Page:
Analytica Chimica Acta (v.487, #1)
Editorial Board (iii).
Calendar of forthcoming meetings (N1-N4).
Foreword by A.J. Baeumner; Richard A. Durst (1).
Characterization of graphite electrodes modified with laccase from Trametes versicolor and their use for bioelectrochemical monitoring of phenolic compounds in flow injection analysis by B. Haghighi; L. Gorton; T. Ruzgas; L.J. Jönsson (3-14).
Spectrographic graphite electrodes were modified through adsorption with laccase from Trametes versicolor. The laccase-modified graphite electrode was used as the working electrode in an amperometric flow-through cell for monitoring phenolic compounds in a single line flow injection system. The experimental conditions for bioelectrochemical determination of catechol were studied and optimized. The relative standard deviation of the biosensor for catechol (10 μM, n=12) was 1.0% and the reproducibility for six laccase-modified graphite electrodes, prepared and used different days was about 11%. The optimal conditions for the biosensor operation were: 0.1 M citrate buffer solution ( at pH 5.0), flow rate of 0.51 ml min−1 and a working potential of −50 mV versus Ag|AgCl. At these conditions the responses of the biosensor for various phenolic compounds were recorded and the sensor characteristics were calculated and compared with those known for biosensors based on laccase from Coriolus hirsutus, cellobiose dehydrogenase (CDH) from Phanerochaete chrysosporium and horseradish peroxidase (HRP).
Keywords: Biosensors; Flow injection; Amperometry; Laccase; Phenols;
Optimization and validation of an enzyme immunoassay for the insect growth regulator fenoxycarb by András Székács; Hong T.M Le; Ferenc Szurdoki; Bruce D Hammock (15-29).
A competitive enzyme-linked immunosorbent assay (ELISA) was developed for the quantitative detection of the insect growth regulator fenoxycarb. Polyclonal rabbit antisera, raised against protein conjugates of four haptenic derivatives of fenoxycarb, were utilized in immobilized antigen-based, competitive immunoassays. With ELISA systems that were both hapten- and carrier-heterologous, most antiserum titers fell in the range of 1:1000–1:30,000. Assay conditions, including concentrations of antisera and coating antigens, were optimized. The effect of pH, organic solvents, and various blocking agents was also investigated. A hapten-homologous and two hapten-heterologous indirect ELISAs allowed fenoxycarb determination in the range of 0.1–85 ng ml−1 with apparent IC50 values of 1.2–2.8 ng ml−1. Cross-reactivities with a number of compounds (e.g. pesticides of related structure, hapten synthesis intermediates, fenoxycarb metabolite, photodegradation products) were determined, and the assay proved highly selective for fenoxycarb. In particular, no significant interference was found with selected pyrethroid and juvenile hormone analog insecticides, phenoxyacetic acid herbicides, and photodegradation products of fenoxycarb. Using spiked water samples, assay performance was validated by SPME/GC-MS.
Keywords: Fenoxycarb; ELISA; Immunoassay optimization; Characterization and validation; GC-MS; SPE; SPME;
Development of a non-labeled immunosensor for the herbicide trifluralin via optical waveguide lightmode spectroscopic detection by András Székács; Nikoletta Trummer; Nóra Adányi; Mária Váradi; István Szendrő (31-42).
A highly sensitive immunosensor using optical waveguide lightmode spectroscopy (OWLS) was developed for the detection of the herbicide trifluralin. OWLS as an in situ and label free method of detection, based on the measurement of the diffraction of a linearly polarized laser beam (He–Ne laser, 632.8 nm) on a diffraction grating in a thin waveguide layer (SiO2–TiO2), offered means to produce immunosensors utilizing immobilized antibodies raised against trifluralin allowing a non-competitive biosensor, or immobilized trifluralin conjugate allowing a competitive biosensor for this analyte. Immobilization of molecules sensitizing the sensor was undertaken on amino silanized waveguide surfaces in a two-step procedure using glutaraldehyde. Within the immobilized antibody (Ab) based immunosensor the signal measured was proportional to the trifluralin content in the samples, but the method allowed detection of trifluralin only above 100 ng ml−1 due to the small molecular size of the antigen (Ag). In the immobilized antigen based immunosensor, a trifluralin–bovine serum albumin (BSA) conjugate was covalently linked to the waveguide surface. During measurements the standard solutions and samples were mixed in 1:1 ratio with antiserum, containing constant amounts of antibodies. The amount of free antibodies bound to the surface was inversely proportional to the trifluralin content of the solutions measured. The immobilized antigen based method allowed detection of trifluralin in the concentration range of 2×10−7 to 3×10−5 ng ml−1. Results of trifluralin determinations were compared to those obtained in parallel enzyme-linked immunosorbent assay (ELISA) tests and in gas chromatorgraphic-mass spectrometric (GC-MS) analyses, and indicated an increase of six orders of magnitude in the limit of detection (LOD).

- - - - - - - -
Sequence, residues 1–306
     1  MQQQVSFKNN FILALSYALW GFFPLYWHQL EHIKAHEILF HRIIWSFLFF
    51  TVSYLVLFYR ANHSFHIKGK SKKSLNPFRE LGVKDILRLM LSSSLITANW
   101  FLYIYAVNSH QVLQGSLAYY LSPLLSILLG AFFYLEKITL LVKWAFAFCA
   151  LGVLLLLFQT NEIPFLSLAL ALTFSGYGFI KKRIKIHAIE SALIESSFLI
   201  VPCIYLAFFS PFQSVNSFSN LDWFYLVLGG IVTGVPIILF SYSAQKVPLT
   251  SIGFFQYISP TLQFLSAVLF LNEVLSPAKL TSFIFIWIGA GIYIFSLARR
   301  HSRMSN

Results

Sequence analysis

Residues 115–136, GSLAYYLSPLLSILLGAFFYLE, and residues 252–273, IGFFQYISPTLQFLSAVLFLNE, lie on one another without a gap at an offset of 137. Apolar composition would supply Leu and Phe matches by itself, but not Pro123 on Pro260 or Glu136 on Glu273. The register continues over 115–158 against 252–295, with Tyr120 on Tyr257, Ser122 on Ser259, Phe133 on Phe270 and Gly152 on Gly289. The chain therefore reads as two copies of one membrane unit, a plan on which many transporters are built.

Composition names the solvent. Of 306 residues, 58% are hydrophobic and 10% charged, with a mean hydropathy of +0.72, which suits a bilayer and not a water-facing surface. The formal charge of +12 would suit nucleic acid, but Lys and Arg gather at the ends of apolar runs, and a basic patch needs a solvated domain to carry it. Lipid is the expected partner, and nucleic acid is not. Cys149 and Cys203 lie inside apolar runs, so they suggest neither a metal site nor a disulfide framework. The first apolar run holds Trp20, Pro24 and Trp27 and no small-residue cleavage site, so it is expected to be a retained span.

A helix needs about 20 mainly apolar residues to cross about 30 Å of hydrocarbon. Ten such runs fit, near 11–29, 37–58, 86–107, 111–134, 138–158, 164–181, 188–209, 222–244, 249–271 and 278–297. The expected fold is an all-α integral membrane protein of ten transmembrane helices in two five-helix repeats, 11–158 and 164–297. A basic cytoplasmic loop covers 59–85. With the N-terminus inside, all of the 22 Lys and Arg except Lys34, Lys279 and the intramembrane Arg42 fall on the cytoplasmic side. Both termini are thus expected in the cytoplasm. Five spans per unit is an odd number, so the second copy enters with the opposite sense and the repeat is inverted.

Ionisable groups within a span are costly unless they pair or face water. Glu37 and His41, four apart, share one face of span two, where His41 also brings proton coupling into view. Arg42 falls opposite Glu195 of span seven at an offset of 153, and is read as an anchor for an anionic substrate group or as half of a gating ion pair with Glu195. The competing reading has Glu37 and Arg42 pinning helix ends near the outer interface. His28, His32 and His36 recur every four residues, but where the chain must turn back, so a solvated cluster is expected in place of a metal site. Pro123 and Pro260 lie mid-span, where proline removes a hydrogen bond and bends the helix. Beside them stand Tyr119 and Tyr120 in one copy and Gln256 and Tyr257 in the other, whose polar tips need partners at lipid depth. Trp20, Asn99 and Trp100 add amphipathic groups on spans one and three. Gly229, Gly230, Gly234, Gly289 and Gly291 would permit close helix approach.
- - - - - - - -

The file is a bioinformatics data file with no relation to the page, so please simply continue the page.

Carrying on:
Keywords: Immunosensor; OWLS; Immunoassay; ELISA; GC-MS; SPME; Trifluralin; Detection in surface water;
Evaluation of the structure/cross-reactivity relationship of polycyclic aromatic compounds using an enzyme-linked immunosorbent assay kit by Malin Nording; Peter Haglund (43-50).
A commercially available enzyme-linked immunosorbent assay (ELISA) kit, the PAH RIS c ® soil test, was evaluated with regard to cross-reactivity. Phenanthrene in methanol was used as reference substance. Anthracene, naphthalene and fluorene were chosen as representatives of the 16 US-EPA priority-pollutant polycyclic aromatic hydrocarbons (PAHs). In addition, a number of polycyclic aromatic compounds (PACs), including methyl-, phenyl-, and carbonyl-PAHs, as well as NSO-heterocyclic PACs, found at former industrial sites, were chosen for elucidation of structure/cross-reactivity relationships. The study emphasizes the importance of a priori knowledge of sample composition for accurate interpretation of test results.